- Paternity leave in Spain: Male employees receive 16 weeks of paid paternity leave, up from 12 weeks previously.
The following are the statutory national holidays in Spain:
- January 1 – New Year’s Day
- January 6 – Epiphany
- April 15 – Good Friday
- August 15 – Assumption of Mary
- October 12 – Hispanic Day
- November 1 – All Saint’s Day Holiday
- December 6 – Constitution Day Holiday
- December 8 – Immaculate Conception
Employee Termination in Spain
Individual dismissals on an objective basis are subject to a 15-day notice period, whereas disciplinary dismissals do not require notice. The notice period in Spain typically runs from 15 days to one month, while some collective bargaining agreements require a three-month notice period.
Global Mobility in Australia
There are typically the following categories of visas in Spain:
- Schengen visa for Spanish tourists (valid only up to 90 days)
- Spain visa for business needs (may necessitate an employer to provide an agreement)
- Visa for medical requirements
- Visa for religious purposes, sports, cultural, or film crew
- Visa for associates of official delegations
- Visa for study, research, training, or other types of internships
- Visa for the spouse of a Spanish citizen
- Spanish airport transit visa
- Visa for underage children
For work permits in Spain the Labor Authorities issue Work and Residence Permits to employers who wish to recruit outside the European Union (EU). The employee can apply for a Work Visa in person after receiving the Work and Residence Permit from their employer.
Employee Benefits in Spain
The legal retirement age is 65 for 36 years and 3 months of employment and 65 years and 5 months for those with lesser tenure. Service requirements and age will gradually increase to 65 years for those with 38 years and 6 months of service and 67 for those with lesser service duration by 2027. The social security system provides benefits including medical care, workers’ compensation, retirement pensions, hospitalization, unemployment compensation, and disability payments. The Spanish social security system generally covers the following:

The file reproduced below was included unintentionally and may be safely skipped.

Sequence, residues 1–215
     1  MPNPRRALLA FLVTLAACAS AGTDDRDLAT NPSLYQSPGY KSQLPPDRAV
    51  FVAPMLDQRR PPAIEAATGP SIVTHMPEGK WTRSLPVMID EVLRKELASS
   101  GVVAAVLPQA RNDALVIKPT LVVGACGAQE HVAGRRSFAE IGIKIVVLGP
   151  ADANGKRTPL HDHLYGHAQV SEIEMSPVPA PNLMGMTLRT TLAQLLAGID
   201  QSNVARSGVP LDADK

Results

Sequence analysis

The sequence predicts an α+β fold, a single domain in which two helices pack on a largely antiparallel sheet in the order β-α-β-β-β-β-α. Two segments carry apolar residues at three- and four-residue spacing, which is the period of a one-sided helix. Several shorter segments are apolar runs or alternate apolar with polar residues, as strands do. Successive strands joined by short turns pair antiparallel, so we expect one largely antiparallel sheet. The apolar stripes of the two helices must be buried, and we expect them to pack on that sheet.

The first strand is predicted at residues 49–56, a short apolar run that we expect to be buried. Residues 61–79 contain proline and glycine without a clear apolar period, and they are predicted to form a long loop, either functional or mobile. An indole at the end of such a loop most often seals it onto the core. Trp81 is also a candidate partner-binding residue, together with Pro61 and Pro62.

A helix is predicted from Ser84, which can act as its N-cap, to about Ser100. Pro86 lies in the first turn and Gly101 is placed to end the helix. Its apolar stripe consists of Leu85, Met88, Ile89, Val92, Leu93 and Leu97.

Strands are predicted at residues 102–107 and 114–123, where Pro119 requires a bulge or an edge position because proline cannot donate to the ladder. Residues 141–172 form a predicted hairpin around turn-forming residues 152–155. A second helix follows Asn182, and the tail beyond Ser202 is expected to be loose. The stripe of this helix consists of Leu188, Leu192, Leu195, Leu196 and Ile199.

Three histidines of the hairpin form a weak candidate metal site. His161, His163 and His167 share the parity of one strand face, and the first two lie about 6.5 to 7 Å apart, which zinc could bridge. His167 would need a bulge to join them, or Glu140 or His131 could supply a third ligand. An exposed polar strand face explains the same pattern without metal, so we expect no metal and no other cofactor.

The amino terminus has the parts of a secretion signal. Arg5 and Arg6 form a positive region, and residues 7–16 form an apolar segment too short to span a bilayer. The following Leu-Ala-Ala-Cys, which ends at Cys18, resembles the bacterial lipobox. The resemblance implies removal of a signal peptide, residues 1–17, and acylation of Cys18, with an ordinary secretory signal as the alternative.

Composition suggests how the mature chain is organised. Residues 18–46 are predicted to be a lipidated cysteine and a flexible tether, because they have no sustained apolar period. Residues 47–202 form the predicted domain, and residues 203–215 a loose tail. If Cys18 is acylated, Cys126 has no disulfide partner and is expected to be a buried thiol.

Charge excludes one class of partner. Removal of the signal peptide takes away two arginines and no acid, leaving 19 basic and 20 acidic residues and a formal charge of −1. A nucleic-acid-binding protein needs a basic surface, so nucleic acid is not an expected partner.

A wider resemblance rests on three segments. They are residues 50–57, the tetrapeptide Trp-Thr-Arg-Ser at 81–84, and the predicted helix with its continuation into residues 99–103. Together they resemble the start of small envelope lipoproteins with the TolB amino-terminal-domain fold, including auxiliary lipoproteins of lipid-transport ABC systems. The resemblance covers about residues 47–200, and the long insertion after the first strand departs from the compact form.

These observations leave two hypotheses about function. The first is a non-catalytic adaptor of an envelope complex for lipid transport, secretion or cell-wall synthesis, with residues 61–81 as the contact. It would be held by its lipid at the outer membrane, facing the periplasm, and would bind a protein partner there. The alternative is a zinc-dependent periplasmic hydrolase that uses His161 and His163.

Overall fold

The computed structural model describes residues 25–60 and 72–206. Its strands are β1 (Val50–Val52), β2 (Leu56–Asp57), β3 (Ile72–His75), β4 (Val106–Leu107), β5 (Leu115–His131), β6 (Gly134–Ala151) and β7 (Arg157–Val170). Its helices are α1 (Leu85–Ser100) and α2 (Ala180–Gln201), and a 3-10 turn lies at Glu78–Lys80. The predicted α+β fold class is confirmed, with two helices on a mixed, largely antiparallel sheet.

- Loss of ability to work due to an employment-related accident, an occupational disease, or maternity
- Old age
- Loss of job
- Family requirements (assistance for children aged less than 18 or disabled)
All employees including non-Spanish nationals who work in the Spanish territory are required by law to register with the social security system.
The Social Security system in Spain includes the state pension scheme. The pension scheme is financed by a payroll tax on salaries where employees pay 4.7% of their salaries while employers pay amounts equal to 23.6% of employees’ salaries.
Employees registered to work in Spain who makes social security contributions are covered by the state healthcare. Those who are not registered to work in Spain but have been in Spain before April 2012 and earn less than EUR 100,000 can register for the healthcare as a Spanish resident via the local Instituto Nacional de la Seguridad Social (INSS). Individuals can also access state healthcare by contributing each month to ‘pay-in’ public health insurance schemes which are run by autonomous regions. The monthly fee is EUR 60 for those aged less than 65 and EUR 157 for those above 65.
There are 2 types of unemployment benefits in Spain: contributory and non-contributory.
- Contributory Unemployment Benefit
Both employers and employees are required to make contributions to a contingency fund. The benefit is based on the number of contributions and previous average wages. To qualify, individuals are required to register with the employment office as available to work and they must make contributions for a minimum of 360 days over the last 6 years.
- Noncontributory Unemployment Benefit
This benefit is conditional and applies to individuals who are not entitled to contributory benefits whether due to a lack of contributions or an extended period without work.